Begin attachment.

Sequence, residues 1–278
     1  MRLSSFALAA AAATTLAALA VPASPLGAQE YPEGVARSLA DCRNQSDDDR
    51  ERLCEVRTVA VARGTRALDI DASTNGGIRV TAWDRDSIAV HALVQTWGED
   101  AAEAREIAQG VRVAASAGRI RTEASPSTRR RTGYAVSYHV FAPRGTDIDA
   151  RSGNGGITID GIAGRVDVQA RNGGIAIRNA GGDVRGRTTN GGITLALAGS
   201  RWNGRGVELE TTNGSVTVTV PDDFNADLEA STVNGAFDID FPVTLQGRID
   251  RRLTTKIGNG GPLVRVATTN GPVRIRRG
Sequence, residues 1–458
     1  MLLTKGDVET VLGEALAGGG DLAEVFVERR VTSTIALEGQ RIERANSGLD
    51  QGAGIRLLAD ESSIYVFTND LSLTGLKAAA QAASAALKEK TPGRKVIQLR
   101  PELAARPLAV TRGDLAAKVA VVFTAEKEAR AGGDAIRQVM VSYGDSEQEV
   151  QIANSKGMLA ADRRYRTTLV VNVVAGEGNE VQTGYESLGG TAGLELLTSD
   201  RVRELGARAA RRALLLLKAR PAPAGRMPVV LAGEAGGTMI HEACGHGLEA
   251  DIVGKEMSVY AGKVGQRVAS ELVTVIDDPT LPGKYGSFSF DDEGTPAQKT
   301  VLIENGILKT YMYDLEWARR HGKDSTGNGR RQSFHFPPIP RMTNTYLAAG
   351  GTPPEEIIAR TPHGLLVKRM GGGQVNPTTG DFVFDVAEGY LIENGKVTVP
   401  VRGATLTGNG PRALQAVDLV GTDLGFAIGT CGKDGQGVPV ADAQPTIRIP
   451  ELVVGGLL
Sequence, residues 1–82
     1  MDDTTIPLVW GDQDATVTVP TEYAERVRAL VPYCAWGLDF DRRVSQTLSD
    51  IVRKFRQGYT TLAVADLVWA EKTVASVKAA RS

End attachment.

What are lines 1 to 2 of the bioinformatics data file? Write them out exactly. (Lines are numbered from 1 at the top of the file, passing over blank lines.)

Sequence, residues 1–278
     1  MRLSSFALAA AAATTLAALA VPASPLGAQE YPEGVARSLA DCRNQSDDDR